Our entire social, political, and economic structure has been transformed, in the last sixty years, to nurture parasites by exploiting the most creative members of society and redistributing their wealth to the most parasitical members of society. It is suicidal to continue to nurture parasites. It seems that this process can be stopped, only if creative people band together, learn to be self-sufficient, and refuse to continue nurturing parasites.

Self-sufficiency is extremely important, because so long as we are a part of the larger economy we cannot avoid nurturing parasites . Every time we attend or send our children to the educational bureaucracy we strengthen that system and contribute to the destruction of the creativity of others and our own. Yet the educational bureaucracy has the knowledge we need to create an independent educational alternative, such as has been presented in my books.

Farming communities are the closest approximation we have to self-sufficiency. Farmers value their independence so much that they are willing to take great risks and work extremely hard for very little money in order to maintain it. And yet they are failing by the thousands. They are failing because their priorities are wrong. The most important self-sufficiency to achieve first is not in housing or food, but in education. It is our ignorance that makes us poor.

The creation of independent educational alternatives requires a critical mass of creative talent plus a certain minimum of material resources. The process for bringing this about is given in my books. This process automatically links us to the creative talent necessary to create non-bureaucratic schools that maximize the creativity of their students rather than destroying it. It also opens new economic opportunities which automatically provide the resources necessary for the schools. These resources autonomize us from the current, highly destructive, educational and economic system. In order to succeed we need only have the courage (1) to take these opportunities as they are presented and (2) to stop nurturing parasites.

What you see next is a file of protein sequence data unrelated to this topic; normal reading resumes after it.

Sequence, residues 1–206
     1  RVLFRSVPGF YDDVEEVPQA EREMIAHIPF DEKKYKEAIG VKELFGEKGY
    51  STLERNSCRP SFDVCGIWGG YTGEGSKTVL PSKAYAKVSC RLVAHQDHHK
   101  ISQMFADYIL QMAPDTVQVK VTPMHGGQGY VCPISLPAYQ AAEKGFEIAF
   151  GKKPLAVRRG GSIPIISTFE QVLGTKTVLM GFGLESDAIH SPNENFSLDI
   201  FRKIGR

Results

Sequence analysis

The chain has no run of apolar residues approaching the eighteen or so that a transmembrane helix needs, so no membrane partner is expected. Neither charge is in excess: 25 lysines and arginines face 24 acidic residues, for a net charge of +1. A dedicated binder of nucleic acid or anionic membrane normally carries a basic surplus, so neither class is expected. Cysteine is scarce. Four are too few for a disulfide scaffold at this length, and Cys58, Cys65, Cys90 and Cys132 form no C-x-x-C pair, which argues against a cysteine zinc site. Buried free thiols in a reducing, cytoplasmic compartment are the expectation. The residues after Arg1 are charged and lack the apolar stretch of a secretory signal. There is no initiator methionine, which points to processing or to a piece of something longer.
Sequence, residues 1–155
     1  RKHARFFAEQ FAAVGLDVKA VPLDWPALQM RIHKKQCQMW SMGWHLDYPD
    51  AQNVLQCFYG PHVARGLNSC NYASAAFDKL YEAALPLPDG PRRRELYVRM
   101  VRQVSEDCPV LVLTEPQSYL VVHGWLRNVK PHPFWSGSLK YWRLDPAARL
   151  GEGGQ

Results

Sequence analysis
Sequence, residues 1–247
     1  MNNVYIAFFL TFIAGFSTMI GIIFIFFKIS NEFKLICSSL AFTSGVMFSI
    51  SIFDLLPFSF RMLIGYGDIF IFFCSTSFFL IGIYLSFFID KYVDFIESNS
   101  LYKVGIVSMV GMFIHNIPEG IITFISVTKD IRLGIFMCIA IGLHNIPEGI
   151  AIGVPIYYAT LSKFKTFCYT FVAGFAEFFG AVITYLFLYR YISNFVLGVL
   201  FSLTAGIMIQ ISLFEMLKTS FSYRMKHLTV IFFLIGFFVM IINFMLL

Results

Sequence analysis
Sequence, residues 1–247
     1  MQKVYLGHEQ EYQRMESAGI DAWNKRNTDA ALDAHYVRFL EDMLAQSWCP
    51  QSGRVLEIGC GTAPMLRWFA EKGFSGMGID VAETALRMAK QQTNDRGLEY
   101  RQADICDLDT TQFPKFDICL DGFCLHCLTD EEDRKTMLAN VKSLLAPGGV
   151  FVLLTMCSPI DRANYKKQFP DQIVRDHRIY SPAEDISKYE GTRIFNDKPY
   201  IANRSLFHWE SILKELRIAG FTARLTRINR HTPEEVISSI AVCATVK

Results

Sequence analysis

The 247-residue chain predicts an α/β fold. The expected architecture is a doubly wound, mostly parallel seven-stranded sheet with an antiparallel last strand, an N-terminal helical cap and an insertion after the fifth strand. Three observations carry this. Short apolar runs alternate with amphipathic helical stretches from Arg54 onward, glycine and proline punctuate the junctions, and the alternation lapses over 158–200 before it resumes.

It may be too late to reform the political system in the United States, so that it is no longer ever more oriented toward nurturing ever more parasites, although we should never stop trying. However, there is still barely enough freedom for us to liberate ourselves educationally and economically before the system collapses, just as it did in the Soviet Union, which collapsed from parasitical overload as we are now doing, except that being much more tyrannical, destructive, and socialistic than we ever were, the Soviets collapsed at three times our rate.

The School of Experimental Ecology, at no charge to its students, teaches techniques and processes for becoming maximally creative while achieving educational and economic independence, as well as a higher standard of living. Anyone who wishes to learn from us is welcome. We have learned that whatever we do to increase anyone's creativity while refusing to nurture parasites is in the best long-term interests of everybody, including ourselves. It is an optimal long-term investment, that maximizes our own creativity. We in turn support ourselves entirely from our own creativity. That is why we do not charge for our services. Unfortunately, this does not seem to be a lesson that can be learned by current governments at any level, since all current governments seem devoid of creativity. Governments seem to always want more power over individuals; they almost never give up the power they have already achieved, until they collapse economically and/or by revolution.

John David Garcia, 1992, All rights Reserved.